Rail punctuality figures reveal fewer than half of trains on main routes ran on time

 

Fewer than half the trains ran on time on some main line routes in the last 12 months, according to official figures.

Virgin Trains was only able to operate 48.9% of trains on time on the West Coast main line in the 12 months ending April 27 2013 while the CrossCountry company only managed a figure of 46.1%.

The statistics from Network Rail (NR) were based on "right time" performances in which trains are only regarded as being punctual if they arrive within 59 seconds of the timetabled time.

Under the 59-second rule, the NR table showed 68.0% of trains nationally were on time in the 12-month period ending April 27 this year.

Train companies below the average figure included Southern (55.5% punctuality), First ScotRail (59.8%) , East Coast (60.9%) and First TransPennine Express (63.8%).

Best-performing company was London Overground (86.8%) followed by Chiltern (86.5%).

NR also released regional figures for the four-week period ending April 27 based on the 59-second rule.

Overall, 72.3% of trains ran on time during this period, although long-distance operators only managed a figure of 58.0%.

NR also announced today the latest monthly punctuality figures based on commuter trains arriving within five minutes of the scheduled time and long-distance services arriving within 10 minutes of the scheduled time.

These are the figures on which rail regulators judge NR's performance and they showed that nationally in the period from April 28 to May 25 this year, 93.5% of trains were on time.

This compared with a figure of 92.3% for the same period last year.

Virgin Trains (85.7%), London Midland (89.2%) and East Coast (89.4%), were the only companies to fall beneath 90%, with the London to Tilbury and Southend company c2c being the best-performing company, with a figure of 98.2%.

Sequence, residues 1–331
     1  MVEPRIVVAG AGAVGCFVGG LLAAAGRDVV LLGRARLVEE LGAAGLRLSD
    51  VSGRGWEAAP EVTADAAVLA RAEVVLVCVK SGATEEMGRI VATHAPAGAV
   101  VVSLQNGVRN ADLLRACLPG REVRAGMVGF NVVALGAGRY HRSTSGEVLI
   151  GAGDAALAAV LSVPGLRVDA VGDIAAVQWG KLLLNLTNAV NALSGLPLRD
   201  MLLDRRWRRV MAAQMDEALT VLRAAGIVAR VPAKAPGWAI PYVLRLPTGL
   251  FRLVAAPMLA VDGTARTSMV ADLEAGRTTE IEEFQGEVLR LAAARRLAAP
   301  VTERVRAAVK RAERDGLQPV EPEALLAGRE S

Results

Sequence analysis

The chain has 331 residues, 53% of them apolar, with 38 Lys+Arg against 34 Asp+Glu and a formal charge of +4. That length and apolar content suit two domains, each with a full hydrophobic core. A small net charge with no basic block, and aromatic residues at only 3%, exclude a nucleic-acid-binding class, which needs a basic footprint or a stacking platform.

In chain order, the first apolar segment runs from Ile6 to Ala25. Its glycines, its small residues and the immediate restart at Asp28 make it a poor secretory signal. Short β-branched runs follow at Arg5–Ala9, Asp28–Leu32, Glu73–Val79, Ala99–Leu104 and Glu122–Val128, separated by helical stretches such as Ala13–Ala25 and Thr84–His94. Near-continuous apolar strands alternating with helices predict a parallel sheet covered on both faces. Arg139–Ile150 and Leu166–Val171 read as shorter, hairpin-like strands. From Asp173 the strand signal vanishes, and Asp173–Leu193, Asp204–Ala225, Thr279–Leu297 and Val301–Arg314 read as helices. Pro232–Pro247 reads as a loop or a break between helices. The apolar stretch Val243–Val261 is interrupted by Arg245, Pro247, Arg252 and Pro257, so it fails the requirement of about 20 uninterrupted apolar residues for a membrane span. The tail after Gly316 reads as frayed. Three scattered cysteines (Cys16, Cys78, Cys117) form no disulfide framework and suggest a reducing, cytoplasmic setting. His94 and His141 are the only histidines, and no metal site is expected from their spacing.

NR said infrastructure, overhead line and signalling equipment problems caused the majority of delays on the West Coast Main Line during the period, thus impacting upon Virgin's punctuality.

It added that a series of measures to address performance on the southern end of the West Coast route would be announced in the next few weeks.

Later, NR produced more "right-time" figures - for the 12 months ending May 25 2013.

These showed that, nationally, 68.1% of trains ran on time under the 59-second rule, with the poorest-performing company being CrossCountry (46.3% on time) and Virgin Trains (48.9%).

The best-performing company was Chiltern (87.0%).

Under the 59-second rule, the number of trains that ran on time nationally in the period April 28 to May 25 2013 was 72.7% but only 60.2% of long-distance services were on time.

A spokesman for the Association of Train Operating Companies said: "According to the Government-set measure for punctuality, more than nine out of ten trains arrived as planned."

A spokesman for the Office of Rail Regulation said: "While punctuality has improved slightly, NR is still falling short of its performance targets.

"It is responsible for a significant proportion of delays, including those caused by equipment failures, such as overhead line or signalling power faults.

"To deliver the levels of performance expected by its passengers and customers, NR must now focus more on the management and resilience of its assets."

PA

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